Simile is a figure of speech that compares two things through the use of connection words, but where comparison is not intended to be taken literally. They are often used in everyday communication, but they are also a part of linguistic cultural heritage. In this paper we present a methodology for semi-automated collection of similes from the World Wide Web using text mining and machine learning techniques. We expanded an existing corpus by collecting 442 similes from the internet and adding them to the existing corpus collected by Vuk Stefanovic Karadzic that contained 333 similes. We, also, introduce crowdsourcing to the collection of figures of speech, which helped us to build corpus containing 787 unique similes.
This study provides benchmarks for different implementations of LSTM units between the deep learning frameworks PyTorch, TensorFlow, Lasagne and Keras. The comparison includes cuDNN LSTMs, fused LSTM variants and less optimized, but more flexible LSTM implementations. The benchmarks reflect two typical scenarios for automatic speech recognition, notably continuous speech recognition and isolated digit recognition. These scenarios cover input sequences of fixed and variable length as well as the loss functions CTC and cross entropy. Additionally, a comparison between four different PyTorch versions is included. The code is available online https://github.com/stefbraun/rnn_benchmarks.
PESQ and POLQA , are standards are standards for automated assessment of voice quality of speech as experienced by human beings. The predictions of those objective measures should come as close as possible to subjective quality scores as obtained in subjective listening tests. Wavenet is a deep neural network originally developed as a deep generative model of raw audio wave-forms. Wavenet architecture is based on dilated causal convolutions, which exhibit very large receptive fields. In this short paper we suggest using the Wavenet architecture, in particular its large receptive filed in order to learn PESQ algorithm. By doing so we can use it as a differentiable loss function for speech enhancement.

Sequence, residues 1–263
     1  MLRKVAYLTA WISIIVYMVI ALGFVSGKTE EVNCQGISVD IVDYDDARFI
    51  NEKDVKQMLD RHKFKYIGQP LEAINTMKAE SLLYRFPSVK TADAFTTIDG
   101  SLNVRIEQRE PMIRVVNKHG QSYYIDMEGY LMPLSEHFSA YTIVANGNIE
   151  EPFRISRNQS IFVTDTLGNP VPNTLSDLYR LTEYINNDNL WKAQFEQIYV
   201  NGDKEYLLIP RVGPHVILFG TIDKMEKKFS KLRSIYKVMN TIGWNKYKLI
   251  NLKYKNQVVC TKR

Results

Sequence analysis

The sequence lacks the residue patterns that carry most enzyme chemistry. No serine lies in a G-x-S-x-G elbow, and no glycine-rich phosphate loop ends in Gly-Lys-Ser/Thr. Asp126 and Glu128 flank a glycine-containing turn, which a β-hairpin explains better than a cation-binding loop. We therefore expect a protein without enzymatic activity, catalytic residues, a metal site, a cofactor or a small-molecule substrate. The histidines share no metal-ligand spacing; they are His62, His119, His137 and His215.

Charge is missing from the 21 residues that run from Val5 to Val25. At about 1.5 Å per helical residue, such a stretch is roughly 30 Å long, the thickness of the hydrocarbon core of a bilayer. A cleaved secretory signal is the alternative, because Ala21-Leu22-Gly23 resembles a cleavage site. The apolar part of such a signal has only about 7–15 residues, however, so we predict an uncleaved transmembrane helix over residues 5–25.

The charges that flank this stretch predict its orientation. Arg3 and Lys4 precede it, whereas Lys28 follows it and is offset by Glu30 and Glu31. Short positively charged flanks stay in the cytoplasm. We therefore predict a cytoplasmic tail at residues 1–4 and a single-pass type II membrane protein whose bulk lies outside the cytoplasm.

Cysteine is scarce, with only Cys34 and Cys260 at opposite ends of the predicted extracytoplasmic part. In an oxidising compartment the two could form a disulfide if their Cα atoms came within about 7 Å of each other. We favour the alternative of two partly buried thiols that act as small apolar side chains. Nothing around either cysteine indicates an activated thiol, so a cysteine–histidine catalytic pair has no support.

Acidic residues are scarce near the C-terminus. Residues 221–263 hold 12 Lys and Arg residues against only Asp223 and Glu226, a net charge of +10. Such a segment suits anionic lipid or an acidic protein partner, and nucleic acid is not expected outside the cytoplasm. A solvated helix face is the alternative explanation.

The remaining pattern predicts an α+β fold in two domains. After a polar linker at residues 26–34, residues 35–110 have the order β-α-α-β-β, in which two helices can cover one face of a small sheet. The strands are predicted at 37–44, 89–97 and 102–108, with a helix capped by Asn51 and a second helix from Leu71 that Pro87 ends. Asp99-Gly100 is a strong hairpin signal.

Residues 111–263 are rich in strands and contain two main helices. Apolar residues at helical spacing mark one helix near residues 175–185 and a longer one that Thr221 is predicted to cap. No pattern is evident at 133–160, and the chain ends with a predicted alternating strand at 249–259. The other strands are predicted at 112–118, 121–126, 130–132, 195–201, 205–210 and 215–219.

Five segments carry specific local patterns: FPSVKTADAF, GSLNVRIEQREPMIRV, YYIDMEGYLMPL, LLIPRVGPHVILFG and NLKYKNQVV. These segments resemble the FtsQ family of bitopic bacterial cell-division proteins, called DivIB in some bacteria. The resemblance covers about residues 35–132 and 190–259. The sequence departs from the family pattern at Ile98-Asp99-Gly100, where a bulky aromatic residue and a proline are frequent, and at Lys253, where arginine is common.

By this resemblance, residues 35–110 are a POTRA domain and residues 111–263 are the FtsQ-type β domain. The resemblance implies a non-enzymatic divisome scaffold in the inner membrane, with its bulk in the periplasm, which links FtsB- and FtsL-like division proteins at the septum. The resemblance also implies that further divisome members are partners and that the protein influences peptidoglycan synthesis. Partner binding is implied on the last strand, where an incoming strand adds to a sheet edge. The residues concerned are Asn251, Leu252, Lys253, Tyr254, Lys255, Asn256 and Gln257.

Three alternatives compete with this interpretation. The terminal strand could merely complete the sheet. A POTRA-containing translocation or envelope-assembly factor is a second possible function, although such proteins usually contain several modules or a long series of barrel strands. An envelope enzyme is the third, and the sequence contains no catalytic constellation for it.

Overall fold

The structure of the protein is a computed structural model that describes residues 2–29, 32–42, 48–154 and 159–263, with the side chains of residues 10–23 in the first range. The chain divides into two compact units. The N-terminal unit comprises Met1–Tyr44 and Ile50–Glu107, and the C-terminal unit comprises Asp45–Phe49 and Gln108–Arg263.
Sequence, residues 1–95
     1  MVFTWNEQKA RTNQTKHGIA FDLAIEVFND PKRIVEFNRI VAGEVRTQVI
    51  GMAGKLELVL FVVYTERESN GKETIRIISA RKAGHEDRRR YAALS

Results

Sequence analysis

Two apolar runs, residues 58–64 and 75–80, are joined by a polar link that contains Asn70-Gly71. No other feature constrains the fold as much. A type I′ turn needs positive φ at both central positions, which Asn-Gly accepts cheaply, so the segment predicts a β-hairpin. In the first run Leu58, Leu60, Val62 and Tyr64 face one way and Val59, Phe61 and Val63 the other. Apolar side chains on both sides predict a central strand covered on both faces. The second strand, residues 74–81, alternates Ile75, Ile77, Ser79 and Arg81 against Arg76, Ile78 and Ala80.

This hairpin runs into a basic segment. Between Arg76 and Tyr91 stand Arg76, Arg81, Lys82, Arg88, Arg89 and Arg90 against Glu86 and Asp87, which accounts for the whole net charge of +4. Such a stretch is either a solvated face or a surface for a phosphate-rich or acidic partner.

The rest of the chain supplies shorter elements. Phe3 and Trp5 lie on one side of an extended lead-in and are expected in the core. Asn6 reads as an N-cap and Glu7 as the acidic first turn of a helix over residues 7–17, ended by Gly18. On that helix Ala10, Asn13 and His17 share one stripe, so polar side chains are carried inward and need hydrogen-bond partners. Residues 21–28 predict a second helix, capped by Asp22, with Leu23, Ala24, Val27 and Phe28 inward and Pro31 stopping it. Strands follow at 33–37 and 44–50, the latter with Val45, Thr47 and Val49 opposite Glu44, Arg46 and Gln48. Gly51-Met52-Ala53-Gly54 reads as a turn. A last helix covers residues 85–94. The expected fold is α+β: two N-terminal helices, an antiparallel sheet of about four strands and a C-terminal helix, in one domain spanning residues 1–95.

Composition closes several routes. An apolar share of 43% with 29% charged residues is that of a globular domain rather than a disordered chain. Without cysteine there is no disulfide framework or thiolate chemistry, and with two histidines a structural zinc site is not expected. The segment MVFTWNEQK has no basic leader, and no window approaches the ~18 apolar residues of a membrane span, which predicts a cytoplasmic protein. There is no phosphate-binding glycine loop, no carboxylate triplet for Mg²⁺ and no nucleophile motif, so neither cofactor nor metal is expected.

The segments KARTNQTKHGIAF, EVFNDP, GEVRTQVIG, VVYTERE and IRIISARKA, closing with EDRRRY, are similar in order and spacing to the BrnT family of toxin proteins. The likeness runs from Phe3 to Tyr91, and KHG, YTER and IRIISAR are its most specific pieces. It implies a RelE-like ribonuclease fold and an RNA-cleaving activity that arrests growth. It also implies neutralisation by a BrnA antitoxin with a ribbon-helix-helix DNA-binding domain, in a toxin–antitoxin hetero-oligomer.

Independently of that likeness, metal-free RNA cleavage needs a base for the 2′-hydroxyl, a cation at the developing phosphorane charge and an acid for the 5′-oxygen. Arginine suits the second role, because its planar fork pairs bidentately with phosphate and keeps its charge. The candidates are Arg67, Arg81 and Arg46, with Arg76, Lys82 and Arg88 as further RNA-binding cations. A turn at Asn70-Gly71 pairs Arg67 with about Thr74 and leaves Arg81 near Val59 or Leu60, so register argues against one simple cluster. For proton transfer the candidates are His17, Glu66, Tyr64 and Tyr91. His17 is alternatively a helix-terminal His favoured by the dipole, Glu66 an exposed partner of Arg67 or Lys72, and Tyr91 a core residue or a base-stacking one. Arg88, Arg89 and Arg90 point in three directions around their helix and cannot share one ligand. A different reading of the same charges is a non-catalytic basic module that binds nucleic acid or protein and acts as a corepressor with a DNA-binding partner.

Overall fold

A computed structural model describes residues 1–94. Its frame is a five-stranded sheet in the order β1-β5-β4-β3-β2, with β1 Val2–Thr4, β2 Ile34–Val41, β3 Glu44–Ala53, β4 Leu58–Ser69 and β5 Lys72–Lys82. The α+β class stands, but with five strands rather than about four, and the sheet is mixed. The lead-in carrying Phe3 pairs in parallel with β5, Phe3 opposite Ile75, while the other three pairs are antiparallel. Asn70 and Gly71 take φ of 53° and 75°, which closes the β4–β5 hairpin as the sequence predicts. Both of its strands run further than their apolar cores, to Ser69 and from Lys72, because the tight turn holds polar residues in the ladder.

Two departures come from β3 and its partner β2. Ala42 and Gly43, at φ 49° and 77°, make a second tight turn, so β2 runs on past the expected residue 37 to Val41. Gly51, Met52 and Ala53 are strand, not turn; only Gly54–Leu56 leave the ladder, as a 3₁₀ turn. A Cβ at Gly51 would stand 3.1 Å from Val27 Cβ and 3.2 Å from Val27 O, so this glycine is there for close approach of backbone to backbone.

Low-frequency words place a major challenge for automatic speech recognition (ASR). The probabilities of these words, which are often important name entities, are generally under-estimated by the language model (LM) due to their limited occurrences in the training data. Recently, we proposed a word-pair approach to deal with the problem, which borrows information of frequent words to enhance the probabilities of low-frequency words. This paper presents an extension to the word-pair method by involving multiple `predicting words' to produce better estimation for low-frequency words. We also employ this approach to deal with out-of-language words in the task of multi-lingual speech recognition.
Although adequate models of human language for syntactic analysis and semantic interpretation are of at least context-free complexity, for applications such as speech processing in which speed is important finite-state models are often preferred. These requirements may be reconciled by using the more complex grammar to automatically derive a finite-state approximation which can then be used as a filter to guide speech recognition or to reject many hypotheses at an early stage of processing. A method is presented here for calculating such finite-state approximations from context-free grammars. It is essentially different from the algorithm introduced by Pereira and Wright (1991; 1996), is faster in some cases, and has the advantage of being open-ended and adaptable.